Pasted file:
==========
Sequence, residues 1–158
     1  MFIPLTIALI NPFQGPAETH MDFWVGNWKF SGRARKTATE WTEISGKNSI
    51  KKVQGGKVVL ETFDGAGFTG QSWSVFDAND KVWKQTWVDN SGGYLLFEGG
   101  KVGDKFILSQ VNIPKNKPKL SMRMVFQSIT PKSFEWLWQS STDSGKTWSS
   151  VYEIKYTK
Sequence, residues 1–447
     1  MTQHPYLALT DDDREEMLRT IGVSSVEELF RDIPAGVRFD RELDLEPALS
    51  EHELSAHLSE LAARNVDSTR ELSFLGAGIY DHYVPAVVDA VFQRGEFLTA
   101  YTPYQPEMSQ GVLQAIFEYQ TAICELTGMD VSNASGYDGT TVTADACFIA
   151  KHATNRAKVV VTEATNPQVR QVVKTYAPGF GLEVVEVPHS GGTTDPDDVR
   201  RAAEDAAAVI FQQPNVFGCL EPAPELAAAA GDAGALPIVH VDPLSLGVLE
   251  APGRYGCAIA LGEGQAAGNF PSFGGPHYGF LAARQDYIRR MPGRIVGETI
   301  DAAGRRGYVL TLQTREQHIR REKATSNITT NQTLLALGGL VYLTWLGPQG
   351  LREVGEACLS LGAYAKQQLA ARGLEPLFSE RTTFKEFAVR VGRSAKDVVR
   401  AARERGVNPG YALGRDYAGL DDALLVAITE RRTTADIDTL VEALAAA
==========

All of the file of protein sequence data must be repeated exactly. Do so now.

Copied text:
Sequence, residues 1–158
     1  MFIPLTIALI NPFQGPAETH MDFWVGNWKF SGRARKTATE WTEISGKNSI
    51  KKVQGGKVVL ETFDGAGFTG QSWSVFDAND KVWKQTWVDN SGGYLLFEGG
   101  KVGDKFILSQ VNIPKNKPKL SMRMVFQSIT PKSFEWLWQS STDSGKTWSS
   151  VYEIKYTK
Sequence, residues 1–447
     1  MTQHPYLALT DDDREEMLRT IGVSSVEELF RDIPAGVRFD RELDLEPALS
    51  EHELSAHLSE LAARNVDSTR ELSFLGAGIY DHYVPAVVDA VFQRGEFLTA
   101  YTPYQPEMSQ GVLQAIFEYQ TAICELTGMD VSNASGYDGT TVTADACFIA
   151  KHATNRAKVV VTEATNPQVR QVVKTYAPGF GLEVVEVPHS GGTTDPDDVR
   201  RAAEDAAAVI FQQPNVFGCL EPAPELAAAA GDAGALPIVH VDPLSLGVLE
   251  APGRYGCAIA LGEGQAAGNF PSFGGPHYGF LAARQDYIRR MPGRIVGETI
   301  DAAGRRGYVL TLQTREQHIR REKATSNITT NQTLLALGGL VYLTWLGPQG
   351  LREVGEACLS LGAYAKQQLA ARGLEPLFSE RTTFKEFAVR VGRSAKDVVR
   401  AARERGVNPG YALGRDYAGL DDALLVAITE RRTTADIDTL VEALAAA